294, 394 Internship
298 Independent Study
This course provides a capstone to the concentration. Taught as a seminar, it investigates critical and specialized issues in media from multiple and often competing perspectives. Topics change regularly and address a wide range of media-related concerns. Sample topics include Media and the Environment, Media and Religion, Media and Globalization. Prerequisite: Media Studies 160 or permission of instructor. Offered annually in the spring semester.
This course provides a comprehensive research opportunity, including an introduction to relevant background material, technical instruction, identification of a meaningful project, and data collection. The topic is determined by the faculty member in charge of the course and may relate to his/her research interests. Prerequisite: determined by individual instructor. Offered based on department decision. May be offered as a 1.00 credit course or .50 credit course.
398 Independent Research
The following courses are offered annually or biannually: Additional courses that count for media studies may be offered on a periodic or one-time basis. Students interested in having a course approved for media studies should consult the program director.
Art 205: Photography
Art 228: Animated Art
Art 238: Intermediate Photography
Art 239: Video Art Production
Art/Asian Studies 270: Visual Culture and Modern China
Asian Studies 156: Contemporary China Through Film
Dance 150: Movement, the Camera and the Creative Process
English 275: Literature and Film
English 289: Journalistic Writing
English 296: Screenwriting
Film 201: American Film History
German 249: German Cinema
History 182: America Since World War II
History 290: Reel America: U.S. History in Film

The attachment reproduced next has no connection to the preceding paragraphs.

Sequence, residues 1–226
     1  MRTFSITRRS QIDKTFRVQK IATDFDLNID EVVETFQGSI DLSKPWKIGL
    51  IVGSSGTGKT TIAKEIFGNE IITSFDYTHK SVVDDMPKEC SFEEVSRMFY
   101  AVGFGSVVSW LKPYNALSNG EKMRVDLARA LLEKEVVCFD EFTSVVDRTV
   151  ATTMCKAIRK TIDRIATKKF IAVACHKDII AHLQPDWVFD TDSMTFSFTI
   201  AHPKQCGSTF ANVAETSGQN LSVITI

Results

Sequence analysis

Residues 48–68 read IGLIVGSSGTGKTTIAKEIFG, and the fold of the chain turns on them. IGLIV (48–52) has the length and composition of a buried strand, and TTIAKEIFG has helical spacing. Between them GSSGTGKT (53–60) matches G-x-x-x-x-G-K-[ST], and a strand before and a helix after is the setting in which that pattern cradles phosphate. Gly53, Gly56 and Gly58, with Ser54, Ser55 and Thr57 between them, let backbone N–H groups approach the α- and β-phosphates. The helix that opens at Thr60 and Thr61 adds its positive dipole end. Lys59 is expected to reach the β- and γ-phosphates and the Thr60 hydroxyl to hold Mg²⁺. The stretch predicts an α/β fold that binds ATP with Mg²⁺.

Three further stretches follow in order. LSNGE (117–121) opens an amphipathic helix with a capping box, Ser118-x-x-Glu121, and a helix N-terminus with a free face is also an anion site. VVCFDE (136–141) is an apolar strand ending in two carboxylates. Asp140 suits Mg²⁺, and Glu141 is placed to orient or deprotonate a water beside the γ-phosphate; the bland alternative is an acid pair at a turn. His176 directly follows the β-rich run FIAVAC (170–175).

Integrative Studies 214: Music in Film
Management Studies 229: Arts Management
Music 225: Music in the Electronic Medium
Nursing 120: Wellness in the Media
Physics 252: Musical Acoustics
Political Science: 211: Media and Politics
Theater 275: Writing for Performance
The following courses, offered occasionally, are approved when they have media-related content:
American Conversations 202: Pursuits of Happiness, 1920-Present
American Studies 100: American Culture
American Studies 301: American Culture: Interdisciplinary Perspectives
Art 246: Manhattan Interim in New York City
Art 253: Art Since 1945
French 250: Speaking of French
French 272: Contemporary France
History 375: Problems of Contemporary America
Management Studies 250: Marketing
Religion 121: The Bible in Culture and Community, "American Values, American Films" & the "Bible as Screen Play"
Russian Language and Area Studies 254: Russian Culture and Civilization
Russian Language and Area Studies 265: Introduction to Russian and Soviet Film
Russian Language and Area Studies 372: The Russian Press
Writing 111: "Words on Film" and "Connecting Through New Media"